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If you chip a tooth, you go to the dentist. If you break a leg, you go to the hospital. If you are having trouble with your vision, you go and see an optician. So why do so many people ignore the signs of hearing loss? Exposure to as little as 15 minutes of everyday loud noise, e.g. a subway train can cause permanent hearing loss. In fact, noise is the number one cause of hearing loss in the country, yet on average, people experiencing hearing loss ignore the issues for 15 years before finally getting a hearing aid.

If you find yourself asking people to repeat themselves, or surviving conversations in crowded rooms with the classic ‘smile and nod’ technique, it could be time for you to have a hearing test. As it is Hearing Health Awareness Month, let’s investigate what you can expect when you have your hearing tested:


How do I know if I have problems with my hearing?

Some of the signs of hearing loss include muffled sounds, having trouble distinguishing consonants when people speak and struggling to understand people talking to you in a noisy environment. This may lead to avoiding certain social situations due to feeling awkward or isolated.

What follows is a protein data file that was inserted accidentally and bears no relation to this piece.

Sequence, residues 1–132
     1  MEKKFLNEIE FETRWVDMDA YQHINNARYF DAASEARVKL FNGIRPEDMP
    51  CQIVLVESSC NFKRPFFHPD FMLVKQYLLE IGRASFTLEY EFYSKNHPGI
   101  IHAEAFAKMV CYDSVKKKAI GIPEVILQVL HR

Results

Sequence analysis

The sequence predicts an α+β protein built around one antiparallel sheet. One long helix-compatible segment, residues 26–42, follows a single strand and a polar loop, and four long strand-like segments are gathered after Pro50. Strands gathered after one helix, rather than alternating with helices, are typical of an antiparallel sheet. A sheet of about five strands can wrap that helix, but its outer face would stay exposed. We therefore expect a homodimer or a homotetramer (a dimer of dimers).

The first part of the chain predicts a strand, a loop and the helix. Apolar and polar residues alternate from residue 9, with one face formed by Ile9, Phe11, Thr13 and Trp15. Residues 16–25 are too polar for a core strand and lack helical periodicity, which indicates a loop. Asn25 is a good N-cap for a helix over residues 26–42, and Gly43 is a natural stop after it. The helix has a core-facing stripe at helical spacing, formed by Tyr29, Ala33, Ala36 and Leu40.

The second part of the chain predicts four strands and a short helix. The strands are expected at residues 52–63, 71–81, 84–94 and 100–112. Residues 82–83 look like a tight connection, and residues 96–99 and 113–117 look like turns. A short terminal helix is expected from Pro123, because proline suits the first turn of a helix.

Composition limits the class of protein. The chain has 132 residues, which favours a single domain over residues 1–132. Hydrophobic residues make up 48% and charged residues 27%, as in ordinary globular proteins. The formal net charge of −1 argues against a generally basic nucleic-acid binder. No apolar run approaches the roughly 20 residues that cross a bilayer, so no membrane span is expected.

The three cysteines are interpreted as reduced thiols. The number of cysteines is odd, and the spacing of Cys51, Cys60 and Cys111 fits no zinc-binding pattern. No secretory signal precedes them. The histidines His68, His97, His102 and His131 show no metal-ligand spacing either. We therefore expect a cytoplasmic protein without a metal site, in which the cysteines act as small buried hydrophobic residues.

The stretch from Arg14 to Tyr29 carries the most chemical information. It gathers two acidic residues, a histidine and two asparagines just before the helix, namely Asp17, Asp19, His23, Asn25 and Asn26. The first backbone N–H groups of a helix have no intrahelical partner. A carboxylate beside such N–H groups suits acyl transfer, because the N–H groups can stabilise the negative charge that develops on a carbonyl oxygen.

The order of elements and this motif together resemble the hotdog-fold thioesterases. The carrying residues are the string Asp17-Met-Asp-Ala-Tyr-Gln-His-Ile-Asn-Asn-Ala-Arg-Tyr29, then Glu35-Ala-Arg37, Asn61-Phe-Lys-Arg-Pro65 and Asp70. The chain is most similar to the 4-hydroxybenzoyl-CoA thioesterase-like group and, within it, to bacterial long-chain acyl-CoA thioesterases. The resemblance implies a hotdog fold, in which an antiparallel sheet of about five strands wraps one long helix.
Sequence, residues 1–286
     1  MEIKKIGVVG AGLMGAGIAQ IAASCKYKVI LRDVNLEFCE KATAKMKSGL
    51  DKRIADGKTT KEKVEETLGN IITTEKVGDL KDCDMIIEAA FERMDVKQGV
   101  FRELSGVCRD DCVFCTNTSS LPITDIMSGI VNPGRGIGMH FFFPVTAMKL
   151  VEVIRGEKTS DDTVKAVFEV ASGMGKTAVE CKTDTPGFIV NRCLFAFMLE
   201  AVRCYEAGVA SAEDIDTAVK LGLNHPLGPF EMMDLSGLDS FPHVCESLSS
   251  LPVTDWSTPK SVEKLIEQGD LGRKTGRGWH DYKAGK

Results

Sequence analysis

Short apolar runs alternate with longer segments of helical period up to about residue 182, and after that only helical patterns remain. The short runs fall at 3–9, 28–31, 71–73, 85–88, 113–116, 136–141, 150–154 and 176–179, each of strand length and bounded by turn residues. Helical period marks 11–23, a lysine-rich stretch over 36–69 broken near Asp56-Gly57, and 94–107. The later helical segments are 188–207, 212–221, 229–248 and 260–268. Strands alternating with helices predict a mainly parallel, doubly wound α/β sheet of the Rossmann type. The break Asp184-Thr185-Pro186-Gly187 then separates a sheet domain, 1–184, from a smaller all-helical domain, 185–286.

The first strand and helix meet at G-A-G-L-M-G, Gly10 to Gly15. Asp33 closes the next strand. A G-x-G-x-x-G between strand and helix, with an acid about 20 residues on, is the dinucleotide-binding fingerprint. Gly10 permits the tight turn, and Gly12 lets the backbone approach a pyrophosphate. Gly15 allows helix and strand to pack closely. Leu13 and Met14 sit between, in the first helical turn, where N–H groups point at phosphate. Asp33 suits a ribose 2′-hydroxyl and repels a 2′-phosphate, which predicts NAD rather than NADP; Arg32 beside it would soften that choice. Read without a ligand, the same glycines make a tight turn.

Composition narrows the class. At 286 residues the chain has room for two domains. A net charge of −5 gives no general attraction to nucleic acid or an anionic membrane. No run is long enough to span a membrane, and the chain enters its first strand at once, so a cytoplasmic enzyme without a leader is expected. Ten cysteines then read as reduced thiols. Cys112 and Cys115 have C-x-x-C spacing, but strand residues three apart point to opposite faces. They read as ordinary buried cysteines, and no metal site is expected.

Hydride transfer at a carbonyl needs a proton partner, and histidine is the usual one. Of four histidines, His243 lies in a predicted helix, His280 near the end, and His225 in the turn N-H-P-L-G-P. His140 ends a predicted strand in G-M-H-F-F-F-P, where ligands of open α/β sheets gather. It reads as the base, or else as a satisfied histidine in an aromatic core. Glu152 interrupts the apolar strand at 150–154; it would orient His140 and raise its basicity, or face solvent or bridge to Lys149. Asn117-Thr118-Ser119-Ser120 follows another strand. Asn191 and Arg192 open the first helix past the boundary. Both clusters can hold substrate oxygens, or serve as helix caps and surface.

When do I need to get a hearing test?

As soon as you can. Over a third of people aged 60 or above have problems with their hearing, which rises to half of all people when you reach age 85. The chances are, if hearing loss does not already affect you, it may well do in later life. The key to successfully treating hearing issues is detecting them early.


What does hearing screening involve?

First, you will meet one of our friendly audiologists, who will go through a series of non-invasive tests to check your hearing health. The process is quick but comprehensive, including a gentle exploration of your inner ear using an otoscope. We will also look at wax levels and how you hear tone and speech to determine the any potential issues.


Start looking after your hearing health and book a hearing screening with us today.

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Ashley Thom

Ashley Thom

An Abbeville, Louisiana native, Dr. Thom realized her love for speech, language, and hearing while taking a speech pathology class in her junior year at LSU. After completing a bachelor of arts in communications disorders, that love persisted, and Dr. Thom graduated in 2011 with a clinical doctorate in audiology from Louisiana Tech University. Dr. Thom continues to make sounds and language more accessible to her patients and likes to learn about their unique hearing and communication needs. An active member of the Louisiana Academy of Audiology, she has been serving as a board member for two years and was the 2016-17 president of LAA.